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Introduction to Gas Dynamics
All Lecture Slides
Teknillinen Korkeakoulu / Helsinki University of Technology
Autumn 2009
Gasdynamics — Lecture Slides
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Compressible flow
Zeroth law of thermodynamics
First law of thermodynamics
Equation of state — ideal gas
Specific heats
The “perfect” gas
Second law of thermodynamics
Adiabatic, reversible process
The free energy and free enthalpy
Entropy and real gas flows
One-dimensional gas dynamics
Conservation of mass — continuity equation
Conservation of energy — energy equation
Reservoir conditions
On isentropic flows
Gasdynamics — Lecture Slides

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Euler’s equation
Momentum equation
A review of equations of conservation
Isentropic condition
Speed of sound — Mach number
Results from the energy equation
The area-velocity relationship
On the equations of state
Bernoulli equation — dynamic pressure
Constant area flows
Shock relations for perfect gas — Part I
Shock relations for perfect gas — Part II
Shock relations for perfect gas — Part III
The area-velocity relationship — revisited
Nozzle flow — converging nozzle
Gasdynamics — Lecture Slides
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Nozzle flow — converging-diverging nozzle
Normal shock recovery — diffuser
Flow with wall roughness — Fanno flow
Flow with heat addition — Rayleigh flow
Normal shock, Fanno flow and Rayleigh flow
Waves in supersonic flow
Multi-dimensional equations of the flow
Oblique shocks
Relationship between wedge angle and wave angle
Small angle approximation
Mach lines
Weak oblique shocks
Supersonic compression by turning
Supersonic expansion by turning
The Prandtl-Meyer function
Gasdynamics — Lecture Slides

46 Detached shocks
47 Shock-expansion theory
48 Reflection and intersection of oblique shocks
49 Cones in supersonic flow
50 Derivation of perturbation equation
51 Irrotational flow
52 Governing equations for small perturbation flows — Part I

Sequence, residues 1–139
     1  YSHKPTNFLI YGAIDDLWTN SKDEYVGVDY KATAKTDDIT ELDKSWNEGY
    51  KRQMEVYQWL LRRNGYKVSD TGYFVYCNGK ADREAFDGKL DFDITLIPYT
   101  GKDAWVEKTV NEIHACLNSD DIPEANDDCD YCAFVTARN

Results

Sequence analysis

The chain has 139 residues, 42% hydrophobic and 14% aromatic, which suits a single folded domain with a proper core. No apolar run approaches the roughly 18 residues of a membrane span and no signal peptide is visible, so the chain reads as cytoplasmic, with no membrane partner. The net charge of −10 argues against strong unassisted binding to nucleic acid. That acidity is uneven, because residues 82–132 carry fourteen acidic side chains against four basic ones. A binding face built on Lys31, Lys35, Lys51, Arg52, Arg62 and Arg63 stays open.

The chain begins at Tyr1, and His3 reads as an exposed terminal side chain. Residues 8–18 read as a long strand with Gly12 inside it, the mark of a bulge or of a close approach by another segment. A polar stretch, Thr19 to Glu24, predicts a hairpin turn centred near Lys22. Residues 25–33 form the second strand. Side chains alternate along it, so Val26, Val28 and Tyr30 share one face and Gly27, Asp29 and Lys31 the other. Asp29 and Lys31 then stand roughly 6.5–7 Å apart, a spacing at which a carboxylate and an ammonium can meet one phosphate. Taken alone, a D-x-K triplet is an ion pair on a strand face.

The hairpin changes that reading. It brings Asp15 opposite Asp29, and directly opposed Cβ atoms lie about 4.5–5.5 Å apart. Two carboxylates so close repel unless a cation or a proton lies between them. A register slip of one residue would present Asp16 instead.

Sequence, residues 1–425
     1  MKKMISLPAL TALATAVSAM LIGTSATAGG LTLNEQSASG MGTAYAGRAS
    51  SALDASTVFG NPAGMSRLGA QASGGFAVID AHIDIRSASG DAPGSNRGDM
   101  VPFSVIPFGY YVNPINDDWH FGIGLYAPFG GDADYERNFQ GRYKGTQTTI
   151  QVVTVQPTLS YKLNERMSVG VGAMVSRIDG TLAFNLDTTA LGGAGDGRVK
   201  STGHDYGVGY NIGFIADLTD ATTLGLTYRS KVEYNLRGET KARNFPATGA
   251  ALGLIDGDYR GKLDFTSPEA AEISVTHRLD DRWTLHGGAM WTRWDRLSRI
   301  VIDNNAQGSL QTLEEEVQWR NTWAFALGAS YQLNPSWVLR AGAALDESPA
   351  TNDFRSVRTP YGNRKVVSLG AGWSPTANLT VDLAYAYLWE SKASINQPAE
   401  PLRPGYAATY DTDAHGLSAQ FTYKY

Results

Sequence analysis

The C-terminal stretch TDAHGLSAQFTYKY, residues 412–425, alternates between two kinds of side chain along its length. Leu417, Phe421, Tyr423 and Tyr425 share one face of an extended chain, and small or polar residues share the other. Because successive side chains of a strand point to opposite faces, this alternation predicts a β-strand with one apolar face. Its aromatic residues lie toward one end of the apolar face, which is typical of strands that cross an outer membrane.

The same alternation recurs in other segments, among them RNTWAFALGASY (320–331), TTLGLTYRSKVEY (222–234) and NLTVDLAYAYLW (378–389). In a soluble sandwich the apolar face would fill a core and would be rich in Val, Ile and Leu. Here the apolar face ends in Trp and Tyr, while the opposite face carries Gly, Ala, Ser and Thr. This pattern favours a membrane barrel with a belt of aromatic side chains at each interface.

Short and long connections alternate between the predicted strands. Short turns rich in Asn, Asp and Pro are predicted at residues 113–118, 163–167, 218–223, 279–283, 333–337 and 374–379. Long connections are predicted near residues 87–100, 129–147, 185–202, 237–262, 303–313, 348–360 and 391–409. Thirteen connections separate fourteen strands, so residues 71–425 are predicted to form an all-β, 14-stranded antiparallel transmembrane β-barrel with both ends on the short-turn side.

53 Governing equations for small perturbation flows — Part II
54 Pressure coefficient
55 Boundary conditions
56 Flow past a wave-shaped wall — an example
57 Flow past a wave-shaped wall — subsonic case
58 Flow past a wave-shaped wall — supersonic case
Gasdynamics — Lecture Slides
Compressible flow
In a nutshell, the term compressible flow refers to the fluids of
which there can be found significant variation of density in the flow
under consideration.
Compressibility is strongly related to the speed of the flow itself and
the thermodynamics of the fluid. A good grasp of thermodynamics
is imperative for the study of compressible flow.
For low-speed flow, the kinetic energy is often much smaller than
the heat content of the fluid, such that temperature remains more or
less constant.
On the other hand, the magnitude of the kinetic energy in a
high-speed flow can be very large, able to cause a large variation in
the temperature.
Some important phenomena strongly associated with compressibility
are the flow discontinuity and choking of the flow.
Gasdynamics — Lecture Slides

Compressible flow
To illustrate, consider a car at sea-level, 1 atm and 15 ◦ C, going at a
speed of 90 km/h. The density is 1.225 kg/m3 . At a stagnation
point, the density there is found to be 1.228 kg/m3 , a mere 0.27 %
difference. The temperature rises by 0.311 ◦ C and the pressure
changes by 0.38 %. Here, the incompressible assumption can be
applied.
Now, consider a typical air flow around a cruising jetliner at 10 km
altitude. The speed is now 810 km/h, while the ambient conditions
are 0.413 kg/m3 , 0.261 atm and −50 ◦ C. At the stagnation point the
temperature rises by over 25 ◦ C, while density and pressure changes
by more than 30 % and 45 %, respectively. It is clear that
compressibility must now be taken into account.
Gasdynamics — Lecture Slides
Compressible flow
Figure 1: Breaking the sound
barrier. . . ?
An extreme example of
compressible flow in action is the
re-entry flow. Another is shown
here on the left as a jet fighter
seemingly punches through the
“sound barrier”. However, more
daily mundane applications can
also be found in flows through jet
engines, or around a transport
aircraft.
Gasdynamics — Lecture Slides

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